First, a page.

In a previous episode, we explained the three things affecting exposure are:
1) aperture; 2) shutter speed; and 3) ISO.
And to establish your exposure, you use the Sunny 16/Basic Daylight Exposure rule. Set your f-stop at f/16, and and then simply matching your shutter speed to your ISO number. For example, f/16 with an ISO of 200, so your shutter speed is 1/200th of a second.
But what if you need a certain f-stop, shutter speed or ISO? From your correct Sunny 16/Basic Daylight Exposure, if you change one setting, then the exposure is off and you must change another setting to compensate. It is like balancing a scale. If you adjust the aperture and it changes the exposure, you have to select either the shutter speed or the ISO to make up for the difference.
For example, if the Sunny 16/BDE exposure is f/16 at 1/125th and we change the aperture to f/11, we opened up one stop (meaning we are letting in twice the amount of light). We must then cut the amount of light hitting the sensor by ½ using the shutter speed or the ISO to equalize the exposure. So, in the case of adjusting the shutter speed, the exposure changes from 1/125th to 1/250th.
Here’s a tip we regularly share in the workshops: Count the clicks! On our DSLR cameras, however many clicks you move, say, the aperture dial in one direction, then the shutter speed control must be moved in the other direction the same amount of clicks.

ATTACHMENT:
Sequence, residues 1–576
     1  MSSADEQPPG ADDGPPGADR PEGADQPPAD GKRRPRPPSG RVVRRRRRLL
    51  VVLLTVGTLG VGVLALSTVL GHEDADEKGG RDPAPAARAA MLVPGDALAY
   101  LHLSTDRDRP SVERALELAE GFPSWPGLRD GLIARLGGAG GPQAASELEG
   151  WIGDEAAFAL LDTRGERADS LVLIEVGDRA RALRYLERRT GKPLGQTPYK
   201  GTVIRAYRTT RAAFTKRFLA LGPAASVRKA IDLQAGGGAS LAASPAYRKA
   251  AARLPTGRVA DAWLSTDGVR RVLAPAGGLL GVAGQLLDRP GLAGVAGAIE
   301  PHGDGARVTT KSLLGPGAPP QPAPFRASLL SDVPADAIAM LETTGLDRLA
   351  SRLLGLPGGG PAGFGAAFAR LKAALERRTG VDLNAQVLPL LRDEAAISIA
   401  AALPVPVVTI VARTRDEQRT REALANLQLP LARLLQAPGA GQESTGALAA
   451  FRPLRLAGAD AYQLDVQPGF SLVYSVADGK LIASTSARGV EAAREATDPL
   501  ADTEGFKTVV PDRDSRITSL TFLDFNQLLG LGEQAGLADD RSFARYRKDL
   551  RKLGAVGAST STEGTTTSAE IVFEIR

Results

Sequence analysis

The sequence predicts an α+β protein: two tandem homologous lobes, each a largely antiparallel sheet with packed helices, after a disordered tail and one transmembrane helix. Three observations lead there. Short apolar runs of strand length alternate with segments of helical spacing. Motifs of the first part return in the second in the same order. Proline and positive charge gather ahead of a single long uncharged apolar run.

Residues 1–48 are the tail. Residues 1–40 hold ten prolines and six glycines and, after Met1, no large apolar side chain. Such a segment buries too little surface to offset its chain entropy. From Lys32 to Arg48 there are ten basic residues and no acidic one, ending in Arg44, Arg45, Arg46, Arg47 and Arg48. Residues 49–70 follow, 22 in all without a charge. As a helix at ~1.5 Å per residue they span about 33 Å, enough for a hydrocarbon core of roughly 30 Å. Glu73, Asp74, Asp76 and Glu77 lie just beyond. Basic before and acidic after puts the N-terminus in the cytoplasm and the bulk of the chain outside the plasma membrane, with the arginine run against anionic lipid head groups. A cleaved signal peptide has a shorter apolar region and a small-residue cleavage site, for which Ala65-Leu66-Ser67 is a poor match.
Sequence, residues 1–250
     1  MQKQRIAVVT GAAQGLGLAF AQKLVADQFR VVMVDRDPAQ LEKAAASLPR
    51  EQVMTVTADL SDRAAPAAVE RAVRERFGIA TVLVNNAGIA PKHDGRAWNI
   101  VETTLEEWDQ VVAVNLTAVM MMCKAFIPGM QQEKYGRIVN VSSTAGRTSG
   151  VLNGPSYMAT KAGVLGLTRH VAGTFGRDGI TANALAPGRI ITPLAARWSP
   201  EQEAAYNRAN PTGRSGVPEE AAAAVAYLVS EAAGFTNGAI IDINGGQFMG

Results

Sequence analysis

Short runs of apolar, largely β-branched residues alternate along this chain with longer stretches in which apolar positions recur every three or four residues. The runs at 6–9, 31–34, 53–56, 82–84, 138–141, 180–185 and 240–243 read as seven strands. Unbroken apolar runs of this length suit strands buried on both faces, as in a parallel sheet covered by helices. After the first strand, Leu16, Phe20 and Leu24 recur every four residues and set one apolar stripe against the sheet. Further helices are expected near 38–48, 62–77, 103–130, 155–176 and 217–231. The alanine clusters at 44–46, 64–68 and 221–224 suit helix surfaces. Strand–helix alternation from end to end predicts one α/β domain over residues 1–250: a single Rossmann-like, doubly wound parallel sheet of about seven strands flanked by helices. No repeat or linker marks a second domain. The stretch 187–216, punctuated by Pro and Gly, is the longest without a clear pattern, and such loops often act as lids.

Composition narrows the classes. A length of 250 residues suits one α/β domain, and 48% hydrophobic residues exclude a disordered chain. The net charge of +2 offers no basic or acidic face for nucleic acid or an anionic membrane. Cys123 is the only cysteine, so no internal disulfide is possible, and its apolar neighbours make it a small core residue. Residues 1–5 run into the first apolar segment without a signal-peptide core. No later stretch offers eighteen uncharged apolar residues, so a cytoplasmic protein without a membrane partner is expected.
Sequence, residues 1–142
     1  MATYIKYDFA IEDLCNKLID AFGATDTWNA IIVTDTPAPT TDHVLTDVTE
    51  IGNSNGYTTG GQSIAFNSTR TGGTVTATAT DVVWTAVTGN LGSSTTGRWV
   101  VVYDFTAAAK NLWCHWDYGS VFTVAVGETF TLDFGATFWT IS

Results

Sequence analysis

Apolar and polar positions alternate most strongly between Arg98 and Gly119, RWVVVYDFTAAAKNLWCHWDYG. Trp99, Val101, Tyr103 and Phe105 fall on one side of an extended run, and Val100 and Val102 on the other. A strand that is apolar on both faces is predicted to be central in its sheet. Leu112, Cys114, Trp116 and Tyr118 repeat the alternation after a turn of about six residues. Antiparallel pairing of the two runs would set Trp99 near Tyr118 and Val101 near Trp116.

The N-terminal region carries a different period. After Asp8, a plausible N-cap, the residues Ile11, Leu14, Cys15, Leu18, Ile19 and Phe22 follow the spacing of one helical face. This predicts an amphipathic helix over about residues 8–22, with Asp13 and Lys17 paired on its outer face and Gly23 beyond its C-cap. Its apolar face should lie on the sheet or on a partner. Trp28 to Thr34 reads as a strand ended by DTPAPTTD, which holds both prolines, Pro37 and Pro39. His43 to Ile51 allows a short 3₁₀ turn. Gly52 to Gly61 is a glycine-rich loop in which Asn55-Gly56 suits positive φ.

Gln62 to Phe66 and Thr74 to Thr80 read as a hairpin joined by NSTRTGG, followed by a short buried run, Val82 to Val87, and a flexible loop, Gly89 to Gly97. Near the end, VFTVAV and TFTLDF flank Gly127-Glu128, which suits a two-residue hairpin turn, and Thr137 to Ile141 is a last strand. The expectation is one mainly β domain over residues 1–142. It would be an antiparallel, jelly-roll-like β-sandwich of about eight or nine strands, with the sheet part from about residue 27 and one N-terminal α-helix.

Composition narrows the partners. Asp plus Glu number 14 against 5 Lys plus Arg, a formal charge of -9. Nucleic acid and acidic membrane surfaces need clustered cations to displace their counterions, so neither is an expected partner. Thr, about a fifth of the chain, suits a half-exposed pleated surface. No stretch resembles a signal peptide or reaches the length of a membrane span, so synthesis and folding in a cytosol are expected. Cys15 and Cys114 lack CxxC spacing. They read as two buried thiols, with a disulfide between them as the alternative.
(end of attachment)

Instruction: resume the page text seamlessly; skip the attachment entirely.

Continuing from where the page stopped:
But here is an important observation! The image exposure would be absolutely the same but images would appear very different.
When you change your aperture and shutter speeds, aside from changing exposure, you are also changing to visual affects that are byproducts of the aperture and shutter speed: depth of field (connected to aperture) and motion blur (connected to shutter speed.
ISO also comes into play as a control that you can adjust instead of aperture or shutter speed. And sometimes you just can’t change your aperture or shutter speed. Say you need a certain depth of field or you need to freeze action … your only choice is to change your ISO.
The combination of these three controls, an exposure triangle, allows you the most control over your image.